Flu deaths rise to 21 as under-fives at the greatest risk
The number of people who have died from flu has more than doubled – up from nine to 21 in the space of a week.
However, overall flu rates are falling except among children under five.
There has also been an increase in the number of cases of meningitis reported since Christmas Eve.
Public health doctors were notified of 20 cases of the lethal bug in recent weeks, while the number of deaths remains at three.
Swine flu, which is known to affect children, remains the dominant strain circulating.
The Health Protection Surveillance Centre said overall flu rates have fallen from 51.6 per 100,000 during the second week of January to 42.4 per 100,000 last week.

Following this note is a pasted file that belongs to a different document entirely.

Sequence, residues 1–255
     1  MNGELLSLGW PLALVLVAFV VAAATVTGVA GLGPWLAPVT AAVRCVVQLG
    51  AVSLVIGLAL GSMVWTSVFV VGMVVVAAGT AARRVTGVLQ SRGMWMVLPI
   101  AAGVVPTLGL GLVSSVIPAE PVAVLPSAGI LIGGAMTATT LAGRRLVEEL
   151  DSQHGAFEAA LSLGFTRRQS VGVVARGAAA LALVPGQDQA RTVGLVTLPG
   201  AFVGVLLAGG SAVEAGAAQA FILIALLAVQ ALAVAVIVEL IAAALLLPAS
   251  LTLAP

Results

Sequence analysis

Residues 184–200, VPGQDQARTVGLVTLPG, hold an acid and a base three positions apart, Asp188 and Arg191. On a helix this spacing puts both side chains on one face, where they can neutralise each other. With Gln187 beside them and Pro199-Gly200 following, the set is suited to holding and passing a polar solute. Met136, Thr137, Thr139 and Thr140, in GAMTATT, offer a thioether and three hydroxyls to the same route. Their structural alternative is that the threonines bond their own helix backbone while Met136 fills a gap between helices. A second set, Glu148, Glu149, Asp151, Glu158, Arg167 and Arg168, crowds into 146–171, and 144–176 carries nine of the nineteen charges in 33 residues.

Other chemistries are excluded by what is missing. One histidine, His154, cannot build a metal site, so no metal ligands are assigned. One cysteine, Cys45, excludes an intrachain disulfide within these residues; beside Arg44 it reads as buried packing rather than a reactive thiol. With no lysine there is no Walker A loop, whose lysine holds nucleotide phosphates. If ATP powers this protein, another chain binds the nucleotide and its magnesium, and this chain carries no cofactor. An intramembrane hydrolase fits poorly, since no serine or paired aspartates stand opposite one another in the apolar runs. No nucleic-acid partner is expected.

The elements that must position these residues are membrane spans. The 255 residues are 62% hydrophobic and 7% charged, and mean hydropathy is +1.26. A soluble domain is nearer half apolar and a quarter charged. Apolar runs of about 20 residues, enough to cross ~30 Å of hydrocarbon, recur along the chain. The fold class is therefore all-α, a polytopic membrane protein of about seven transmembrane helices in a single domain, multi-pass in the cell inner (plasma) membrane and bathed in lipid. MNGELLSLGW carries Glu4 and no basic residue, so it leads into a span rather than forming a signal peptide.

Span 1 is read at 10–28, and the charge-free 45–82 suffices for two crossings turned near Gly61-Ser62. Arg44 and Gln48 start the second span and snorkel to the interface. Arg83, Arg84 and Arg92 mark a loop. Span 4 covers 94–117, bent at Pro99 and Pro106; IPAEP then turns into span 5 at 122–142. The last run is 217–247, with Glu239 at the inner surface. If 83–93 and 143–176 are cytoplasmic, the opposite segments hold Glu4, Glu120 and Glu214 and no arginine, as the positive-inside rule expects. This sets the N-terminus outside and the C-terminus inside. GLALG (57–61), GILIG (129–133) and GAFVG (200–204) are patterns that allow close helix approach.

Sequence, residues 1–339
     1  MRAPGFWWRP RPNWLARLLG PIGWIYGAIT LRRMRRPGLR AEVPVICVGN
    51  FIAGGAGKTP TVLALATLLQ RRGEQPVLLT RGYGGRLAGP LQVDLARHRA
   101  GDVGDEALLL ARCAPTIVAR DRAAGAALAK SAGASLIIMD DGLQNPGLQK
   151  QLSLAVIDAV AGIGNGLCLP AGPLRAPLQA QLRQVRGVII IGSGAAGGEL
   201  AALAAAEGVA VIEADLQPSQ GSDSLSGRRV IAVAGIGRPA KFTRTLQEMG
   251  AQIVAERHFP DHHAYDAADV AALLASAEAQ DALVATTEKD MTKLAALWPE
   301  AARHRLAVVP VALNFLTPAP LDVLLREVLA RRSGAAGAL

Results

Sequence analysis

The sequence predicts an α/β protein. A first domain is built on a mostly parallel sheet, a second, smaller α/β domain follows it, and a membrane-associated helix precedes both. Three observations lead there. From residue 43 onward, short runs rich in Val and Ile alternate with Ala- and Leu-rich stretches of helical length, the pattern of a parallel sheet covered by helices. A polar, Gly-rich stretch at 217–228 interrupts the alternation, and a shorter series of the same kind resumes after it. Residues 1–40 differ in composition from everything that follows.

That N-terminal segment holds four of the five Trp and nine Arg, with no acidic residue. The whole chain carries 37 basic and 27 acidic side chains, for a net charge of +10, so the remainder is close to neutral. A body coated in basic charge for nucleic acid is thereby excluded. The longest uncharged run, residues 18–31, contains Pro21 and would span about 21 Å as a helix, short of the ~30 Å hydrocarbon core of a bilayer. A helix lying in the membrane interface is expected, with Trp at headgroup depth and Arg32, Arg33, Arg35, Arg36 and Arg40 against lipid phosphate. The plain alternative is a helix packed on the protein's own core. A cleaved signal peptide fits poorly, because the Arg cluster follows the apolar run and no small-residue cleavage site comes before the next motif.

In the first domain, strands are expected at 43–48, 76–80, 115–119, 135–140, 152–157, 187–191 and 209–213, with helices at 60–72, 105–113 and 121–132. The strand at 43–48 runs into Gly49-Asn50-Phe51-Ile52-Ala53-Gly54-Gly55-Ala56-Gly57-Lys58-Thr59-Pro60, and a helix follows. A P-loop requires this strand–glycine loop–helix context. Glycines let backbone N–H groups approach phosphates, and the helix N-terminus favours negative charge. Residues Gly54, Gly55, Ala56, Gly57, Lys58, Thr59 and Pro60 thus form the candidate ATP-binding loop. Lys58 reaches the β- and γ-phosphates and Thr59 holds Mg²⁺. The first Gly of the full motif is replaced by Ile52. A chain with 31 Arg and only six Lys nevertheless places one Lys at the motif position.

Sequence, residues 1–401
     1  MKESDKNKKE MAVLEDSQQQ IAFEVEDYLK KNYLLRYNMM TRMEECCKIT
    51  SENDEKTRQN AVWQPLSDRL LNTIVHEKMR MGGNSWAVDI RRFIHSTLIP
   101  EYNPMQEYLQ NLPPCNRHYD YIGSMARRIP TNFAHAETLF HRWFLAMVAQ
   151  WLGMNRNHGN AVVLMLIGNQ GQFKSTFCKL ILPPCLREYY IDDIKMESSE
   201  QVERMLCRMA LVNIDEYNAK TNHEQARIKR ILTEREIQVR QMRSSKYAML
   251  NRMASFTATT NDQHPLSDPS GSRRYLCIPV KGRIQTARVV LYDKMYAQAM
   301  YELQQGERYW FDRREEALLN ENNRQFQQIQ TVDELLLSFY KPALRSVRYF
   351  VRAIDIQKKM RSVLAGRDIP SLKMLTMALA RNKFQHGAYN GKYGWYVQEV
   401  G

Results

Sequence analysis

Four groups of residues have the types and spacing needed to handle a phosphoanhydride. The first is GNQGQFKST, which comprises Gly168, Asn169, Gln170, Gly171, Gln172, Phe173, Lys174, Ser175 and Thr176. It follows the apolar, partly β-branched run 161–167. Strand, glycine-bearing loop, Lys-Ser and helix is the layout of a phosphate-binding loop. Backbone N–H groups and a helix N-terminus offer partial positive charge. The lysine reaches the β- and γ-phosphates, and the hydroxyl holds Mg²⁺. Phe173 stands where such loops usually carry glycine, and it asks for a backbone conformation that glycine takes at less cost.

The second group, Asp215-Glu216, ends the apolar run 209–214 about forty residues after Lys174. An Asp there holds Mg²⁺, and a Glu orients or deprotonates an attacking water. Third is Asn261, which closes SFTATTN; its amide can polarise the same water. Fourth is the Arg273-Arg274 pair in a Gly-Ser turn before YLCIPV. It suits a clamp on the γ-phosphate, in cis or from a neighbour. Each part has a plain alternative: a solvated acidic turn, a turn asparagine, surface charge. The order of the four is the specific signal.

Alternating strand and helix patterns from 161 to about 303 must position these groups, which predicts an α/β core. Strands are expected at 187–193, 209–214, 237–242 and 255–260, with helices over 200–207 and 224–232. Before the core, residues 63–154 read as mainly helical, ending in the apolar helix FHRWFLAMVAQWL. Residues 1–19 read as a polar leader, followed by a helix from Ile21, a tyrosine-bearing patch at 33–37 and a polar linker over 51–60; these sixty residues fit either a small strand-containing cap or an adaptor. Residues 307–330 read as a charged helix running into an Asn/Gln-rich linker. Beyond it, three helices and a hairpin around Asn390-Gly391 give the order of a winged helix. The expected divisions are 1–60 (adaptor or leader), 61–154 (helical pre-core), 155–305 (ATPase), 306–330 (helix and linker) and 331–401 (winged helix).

The number of people hospitalised with flu fell but outbreaks continued to be reported.
A spokesman warned: “Flu activity can fluctuate during the season but will continue to circulate for at least the next six to eight weeks. People in high-risk groups are still urged to get vaccinated against influenza, as influenza continues to circulate in Ireland.
“It is still not too late to get vaccinated.
“It is also recommended that antivirals be considered for the treatment and prevention of flu in at-risk groups.”
The HSE is advising the public to remain vigilant regarding meningitis and reminded parents to ensure their children are fully vaccinated.
Meanwhile, the HSE said that the 20 cases of meningitis notified from Christmas Eve to last Tuesday compared with 19 cases in the same period last year.
This is not an outbreak, which would only happen if one person passed it on to another.
Meningococcal disease is known to have increased incidence in winter and early spring.
Among the 20 cases, different age groups were affected, and different strains were reported, including B, C, W and Y.
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